Before Randy Pausch, there's Morrie Schwartz. Mitch Albom was Morrie's student at Brandeis. Before his beloved professor passed away, he visited MorriBefore Randy Pausch, there's Morrie Schwartz. Mitch Albom was Morrie's student at Brandeis. Before his beloved professor passed away, he visited Morrie every Tuesday for three months, during which time Morrie would dispense all his wisdom - life lessons to Albom.
While not exactly life's greatest lesson, most of Morrie's wisdom gives one a warm feeling, like the apple pie you had in your grandmother's house, topped off with the smell of her withering skin. Like the old days, Morrie is a dying breed, soon enough we'll forget there's once a world without iPods and Blackberries, a world where people can count on their own families and neighbors. As Morrie said, "..there is no foundation, no secure ground, upon which people may stand today if it isn't the family... If you don't have the support and love and caring and concern that you get from a family, you don't have much at all..." Of which he followed with a quote from Auden: "Love each other or perish."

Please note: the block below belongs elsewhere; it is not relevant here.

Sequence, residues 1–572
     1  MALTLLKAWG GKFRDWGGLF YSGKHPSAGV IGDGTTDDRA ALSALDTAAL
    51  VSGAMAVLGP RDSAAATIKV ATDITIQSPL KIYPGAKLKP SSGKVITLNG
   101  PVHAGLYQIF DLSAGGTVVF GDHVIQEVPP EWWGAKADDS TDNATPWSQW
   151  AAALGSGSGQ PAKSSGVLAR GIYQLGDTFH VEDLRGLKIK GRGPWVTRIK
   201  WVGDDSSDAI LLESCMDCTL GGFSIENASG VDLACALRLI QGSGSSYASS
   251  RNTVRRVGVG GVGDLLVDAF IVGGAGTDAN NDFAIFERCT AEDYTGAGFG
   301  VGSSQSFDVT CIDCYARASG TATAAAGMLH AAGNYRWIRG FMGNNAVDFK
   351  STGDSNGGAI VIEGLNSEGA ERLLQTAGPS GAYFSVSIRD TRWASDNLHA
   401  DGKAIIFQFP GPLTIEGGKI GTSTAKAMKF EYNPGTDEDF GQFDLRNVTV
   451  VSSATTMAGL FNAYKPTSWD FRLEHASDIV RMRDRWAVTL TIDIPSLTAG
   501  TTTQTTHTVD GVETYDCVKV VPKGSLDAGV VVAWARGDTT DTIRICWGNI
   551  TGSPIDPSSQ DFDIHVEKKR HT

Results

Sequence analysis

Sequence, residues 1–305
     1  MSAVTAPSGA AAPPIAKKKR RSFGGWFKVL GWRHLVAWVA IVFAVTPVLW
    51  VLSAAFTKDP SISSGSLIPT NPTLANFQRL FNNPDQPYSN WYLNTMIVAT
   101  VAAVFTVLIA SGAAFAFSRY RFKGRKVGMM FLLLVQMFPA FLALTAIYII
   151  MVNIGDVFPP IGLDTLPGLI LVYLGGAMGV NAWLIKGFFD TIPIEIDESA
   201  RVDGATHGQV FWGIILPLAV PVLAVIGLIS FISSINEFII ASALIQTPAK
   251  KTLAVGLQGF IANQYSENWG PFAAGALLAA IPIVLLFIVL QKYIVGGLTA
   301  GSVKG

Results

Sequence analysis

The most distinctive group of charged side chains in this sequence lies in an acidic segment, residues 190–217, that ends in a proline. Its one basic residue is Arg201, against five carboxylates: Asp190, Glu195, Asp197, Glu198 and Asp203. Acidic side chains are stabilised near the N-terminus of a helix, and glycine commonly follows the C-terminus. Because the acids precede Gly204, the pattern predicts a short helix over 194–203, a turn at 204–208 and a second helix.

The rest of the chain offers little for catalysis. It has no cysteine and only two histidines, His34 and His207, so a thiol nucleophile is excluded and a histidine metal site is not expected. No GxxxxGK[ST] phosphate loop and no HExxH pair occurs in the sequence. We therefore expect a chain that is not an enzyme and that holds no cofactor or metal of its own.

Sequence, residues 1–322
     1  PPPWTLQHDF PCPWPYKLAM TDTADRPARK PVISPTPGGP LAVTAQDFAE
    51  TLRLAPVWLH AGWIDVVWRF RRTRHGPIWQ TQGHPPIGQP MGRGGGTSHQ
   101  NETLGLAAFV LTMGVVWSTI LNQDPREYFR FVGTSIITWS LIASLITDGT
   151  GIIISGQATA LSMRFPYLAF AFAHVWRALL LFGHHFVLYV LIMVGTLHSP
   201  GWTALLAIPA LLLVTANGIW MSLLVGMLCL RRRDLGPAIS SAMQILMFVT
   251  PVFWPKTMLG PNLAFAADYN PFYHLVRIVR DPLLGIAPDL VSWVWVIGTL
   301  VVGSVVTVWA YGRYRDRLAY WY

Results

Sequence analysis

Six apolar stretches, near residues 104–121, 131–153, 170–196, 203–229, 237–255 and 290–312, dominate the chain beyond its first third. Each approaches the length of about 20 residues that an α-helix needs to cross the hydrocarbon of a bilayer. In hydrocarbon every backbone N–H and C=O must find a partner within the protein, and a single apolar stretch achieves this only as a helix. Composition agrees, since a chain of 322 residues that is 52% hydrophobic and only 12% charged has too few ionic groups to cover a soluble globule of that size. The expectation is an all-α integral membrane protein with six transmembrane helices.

Albom divides each of his Tuesday visits into its own chapter, making it easier for readers to absorb each of Morrie's messages, all the while inserting Morrie's characters as the glue that ties up the entire book. If you need a pick-me-up after suffering a mild depression, this book may do for you, or it would depresses you more. I suppose, it's all depend on who reads it. It's as much about living as it is about dying gracefully. One thing that Morrie said caught me, "Everyone knows they're going to die.. but nobody believes it. If we did, we would do things differently." If you like Randy Pausch's, you'd surely find that this book would knock Randy's off your shelf pretty soon....more